Blackberry, Apple and Mango Meringue Roulade with Caramelised Apple Crisps

Sweet roulades have been loved and admired since the seventies and who can resist meringue?  Not me.  This Blackberry, Apple and Mango version is full of beautiful Autumnal flavours and colours, it's really easy to roll (see my Hints and Tips) and, although admittedly sweet, it is surprisingly light. The caramelised apple crisps adorning the top look effective and are very simple to achieve.

Ingredients:

  • You will need a roulade/swiss roll tin 33cm x 23cm (13" x 9"), lined with baking parchment

  • Oven 160c, 140c fan.​

  • 5 egg whites

  • 275g caster sugar

  • Filling: 300ml double cream

  • 1 tsp. vanilla extract

  • 2 tbsps. thick Greek yoghurt

  • 3-4 tbsps. Bramble compote 

  • 1 tbsp. apple sauce (from a jar is fine)

  • 1 mango, peeled and flesh roughly chopped

Method:

  • Whisk egg whites in a scrupulously clean bowl until very stiff

  • Whisk in the caster sugar little by little, no more than a dessert spoonful at a time, until very stiff

  • Spoon into the lined roulade tin (use a tiny blob of the meringue as glue at each corner of the baking parchment if it's likely to move around)

  • Bake at 160c (140c fan) for 30-35 minutes.  When ready, the top of the meringue should be firm to the touch

  • Remove from the oven, place the tin on a cooling rack and quickly cover the meringue completely with a new sheet of baking parchment.  Then cover the whole lot with a towel and leave until completely cold.

      The filling:

  • Add the vanilla to the cream and whisk until the cream has soft and billowy peaks.

  • Scoop out a good tablespoon of the cream and save to one side ready for when you decorate the top of the roulade.

  • Now fold the Greek yoghurt, a tablespoon at a time, into the cream for the filling.  The cream will firm up a little.

      To fill:

  • Turn the cold roulade over so that its covering towel and baking parchment are underneath it on your worktop (this operation is easier than it sounds)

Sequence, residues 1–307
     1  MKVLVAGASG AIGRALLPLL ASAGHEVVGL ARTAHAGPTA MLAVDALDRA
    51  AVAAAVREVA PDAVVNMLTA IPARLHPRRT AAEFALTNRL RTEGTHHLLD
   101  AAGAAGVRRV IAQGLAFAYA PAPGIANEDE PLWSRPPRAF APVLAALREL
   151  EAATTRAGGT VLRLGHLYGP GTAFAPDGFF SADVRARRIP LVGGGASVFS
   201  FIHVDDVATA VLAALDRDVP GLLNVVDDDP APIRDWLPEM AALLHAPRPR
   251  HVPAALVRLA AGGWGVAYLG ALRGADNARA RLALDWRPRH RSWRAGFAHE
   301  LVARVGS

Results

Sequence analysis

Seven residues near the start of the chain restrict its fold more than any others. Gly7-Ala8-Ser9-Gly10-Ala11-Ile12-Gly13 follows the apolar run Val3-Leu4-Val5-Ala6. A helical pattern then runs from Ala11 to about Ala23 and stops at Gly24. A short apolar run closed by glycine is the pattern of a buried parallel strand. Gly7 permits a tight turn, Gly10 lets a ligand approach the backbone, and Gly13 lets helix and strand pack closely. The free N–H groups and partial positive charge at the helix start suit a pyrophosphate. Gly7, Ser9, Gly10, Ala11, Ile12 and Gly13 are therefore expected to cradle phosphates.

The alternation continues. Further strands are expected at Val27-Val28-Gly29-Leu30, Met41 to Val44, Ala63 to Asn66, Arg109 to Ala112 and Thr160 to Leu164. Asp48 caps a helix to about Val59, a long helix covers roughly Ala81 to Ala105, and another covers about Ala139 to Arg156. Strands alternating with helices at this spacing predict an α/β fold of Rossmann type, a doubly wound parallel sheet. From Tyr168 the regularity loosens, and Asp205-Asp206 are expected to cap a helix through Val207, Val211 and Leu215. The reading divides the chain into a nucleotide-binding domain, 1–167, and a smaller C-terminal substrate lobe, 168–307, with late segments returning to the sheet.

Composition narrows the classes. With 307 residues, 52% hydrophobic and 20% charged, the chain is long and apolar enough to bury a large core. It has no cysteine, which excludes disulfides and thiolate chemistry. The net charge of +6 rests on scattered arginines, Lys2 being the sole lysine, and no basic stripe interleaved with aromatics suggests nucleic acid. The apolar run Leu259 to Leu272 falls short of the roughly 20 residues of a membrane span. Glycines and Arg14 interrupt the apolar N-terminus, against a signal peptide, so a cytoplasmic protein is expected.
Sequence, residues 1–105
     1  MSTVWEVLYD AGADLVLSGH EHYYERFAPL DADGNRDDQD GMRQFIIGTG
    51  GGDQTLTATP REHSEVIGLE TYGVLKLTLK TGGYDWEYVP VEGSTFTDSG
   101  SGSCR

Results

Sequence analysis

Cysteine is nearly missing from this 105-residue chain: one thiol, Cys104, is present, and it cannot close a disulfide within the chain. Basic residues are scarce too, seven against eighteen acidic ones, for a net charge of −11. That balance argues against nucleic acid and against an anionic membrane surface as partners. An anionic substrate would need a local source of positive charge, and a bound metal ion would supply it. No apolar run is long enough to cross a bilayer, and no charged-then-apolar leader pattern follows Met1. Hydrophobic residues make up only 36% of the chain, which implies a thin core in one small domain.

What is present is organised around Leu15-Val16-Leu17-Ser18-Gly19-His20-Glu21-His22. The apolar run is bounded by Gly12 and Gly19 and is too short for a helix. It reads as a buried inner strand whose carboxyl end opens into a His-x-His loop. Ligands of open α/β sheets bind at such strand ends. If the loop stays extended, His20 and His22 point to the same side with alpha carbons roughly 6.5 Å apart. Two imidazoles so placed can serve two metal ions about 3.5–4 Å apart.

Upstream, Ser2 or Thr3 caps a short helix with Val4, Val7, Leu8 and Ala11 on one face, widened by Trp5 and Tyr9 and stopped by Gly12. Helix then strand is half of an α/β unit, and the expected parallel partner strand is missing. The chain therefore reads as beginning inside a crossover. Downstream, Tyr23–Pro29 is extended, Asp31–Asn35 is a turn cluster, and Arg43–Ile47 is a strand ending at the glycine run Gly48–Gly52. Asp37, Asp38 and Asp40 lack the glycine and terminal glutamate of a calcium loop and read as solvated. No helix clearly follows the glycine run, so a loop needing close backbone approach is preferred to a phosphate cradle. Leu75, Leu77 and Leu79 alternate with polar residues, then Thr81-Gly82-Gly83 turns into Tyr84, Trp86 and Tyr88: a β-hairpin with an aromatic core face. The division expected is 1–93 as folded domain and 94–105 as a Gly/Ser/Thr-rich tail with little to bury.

• Remove the tin and the baking parchment attached to the underside of the roulade

  • Turn the roulade on the paper and towel so that a short end of it is facing towards your body and spread the cream and yoghurt mixture all over the roulade (see Hints and Tips)​

  • Stir the apple sauce into the bramble compote and spread it on top of the cream (see Hints and Tips).  Now distribute the mango pieces over the roulade, concentrating on the half of the roulade closest to you.

  • Using the parchment paper to help and starting at the short end close to you, begin to curl the roulade; be bold, the meringue is tolerant and pliable.  Still using the paper, continue to roll, stopping just slightly before you reach the end of the meringue.

  • Position the dish on which you plan to serve the meringue at the end of it and, using the baking parchment, lift the roulade onto the dish and roll it off the paper.  If the roulade has gone a bit out of shape, use the paper to gently but firmly squash it back into position.

  • To decorate:  Take the cream you set aside for decoration, give it a good stir to firm it up and using a teaspoon drop small blobs centrally down the top of the roulade. Use these as "glue"to hold berries and/or apple crisps to decorate.

:Helpful Hints and Avoiding Stumbles:

Avoid whisking the egg whites in a plastic bowl.  Even a small amount of grease on the bowl will prevent the whites from whisking properly and plastic bowls can so easily be a bit greasy.

Adding yoghurt to the cream not only lightens it but also gives a touch of acid which makes the roulade less sweet.

Adding apple sauce to the blackberry compote reduces its sweetness.

When filling the roulade, the cream should be spread rather more thickly at the end closest to your body (the start of the roll) and it should graduate down the length of the roulade so that it is thinner at the furthest end from you.   Similarly, spread the compote and mango generously at the end near to you and do not spread it the full length of the roulade.  The reason for this is that some of the filling will be pushed down the roulade as you roll it and space should be allowed to prevent the filling from squashing out at the end of the roll.

You can of course roll the roulade from the long side if you prefer a longer, leaner look.

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